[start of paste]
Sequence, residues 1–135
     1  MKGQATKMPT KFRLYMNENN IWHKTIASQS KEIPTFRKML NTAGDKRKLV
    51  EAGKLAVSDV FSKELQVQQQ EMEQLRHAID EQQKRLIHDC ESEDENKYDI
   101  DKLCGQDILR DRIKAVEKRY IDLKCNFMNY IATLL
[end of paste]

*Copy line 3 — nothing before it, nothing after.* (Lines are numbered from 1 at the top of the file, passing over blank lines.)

    51  EAGKLAVSDV FSKELQVQQQ EMEQLRHAID EQQKRLIHDC ESEDENKYDI